Surgeons Operate Robot Inside The Eye to Repair Sight
Oxford's surgeons performed a world's first robotic operation inside the eye to restore sight.
A group of surgeons from John Radcliffe Hospital utilized a joystick-controlled robot and placed it inside an eye to dispatch a membrane with a dimension of one hundredth of a millimetre.
The operation was performed on a 70 year old patient Bill Beaver. The Oxford curate told that the experience was like a fairytale. Beaver added that he is "just fortunate" to be the first one to receive the treatment.
A membrane growing at the back of the patient's right eye was discovered in July. His central vision was damaged due to the hole in the retina created by the membrane's pressure. He described that his vision prior to the surgical operation was limited to the periphery.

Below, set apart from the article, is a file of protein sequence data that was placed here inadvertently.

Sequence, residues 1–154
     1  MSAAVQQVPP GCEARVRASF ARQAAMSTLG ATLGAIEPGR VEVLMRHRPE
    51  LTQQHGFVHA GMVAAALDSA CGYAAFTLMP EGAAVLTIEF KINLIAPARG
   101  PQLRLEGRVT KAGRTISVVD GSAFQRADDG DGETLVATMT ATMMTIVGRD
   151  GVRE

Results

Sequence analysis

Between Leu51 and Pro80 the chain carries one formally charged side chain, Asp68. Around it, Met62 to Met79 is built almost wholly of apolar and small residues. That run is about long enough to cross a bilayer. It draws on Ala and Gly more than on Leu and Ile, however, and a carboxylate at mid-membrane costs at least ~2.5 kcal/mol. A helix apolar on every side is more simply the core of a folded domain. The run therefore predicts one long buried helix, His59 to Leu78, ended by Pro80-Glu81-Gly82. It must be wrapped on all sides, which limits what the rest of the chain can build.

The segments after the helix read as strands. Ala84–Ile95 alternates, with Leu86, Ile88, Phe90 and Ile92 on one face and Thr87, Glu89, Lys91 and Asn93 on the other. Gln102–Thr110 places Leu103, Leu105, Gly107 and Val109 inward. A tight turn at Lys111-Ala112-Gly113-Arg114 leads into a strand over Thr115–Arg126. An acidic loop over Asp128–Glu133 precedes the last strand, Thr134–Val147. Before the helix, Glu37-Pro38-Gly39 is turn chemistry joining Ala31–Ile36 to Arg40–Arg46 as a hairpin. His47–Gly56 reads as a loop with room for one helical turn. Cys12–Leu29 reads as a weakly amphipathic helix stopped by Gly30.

The surgical team has high hopes that the procedure will help in exploring possible ways to conduct complex eye surgeries.
Surgical team leader Professor Robert MacLaren said "operating at the back of the eyes needs great precision, and the challenge has been to get a robot system to do that through a tiny hole in the wall of the eyes without causing damage as it moves around."
A Dutch company from the Eindhoven University of Technology developed the Preceyes surgical with shrunk down parts that make it small enough for eyes operations.
This robot is operated through a touch-screen to maneuver a thin needle into the organ of sight. The surgeon uses a microscope to monitor the movement, BBC reported.
Beaver said that he was delighted to be part of the world's first project as it helped him to regain his sight.
The trial for this project currently has 12 participants subjected to operations. Experts believe that with the success of the project, the retinal gene therapy may push through which will serve as treatment for blindness, The Guardian reported.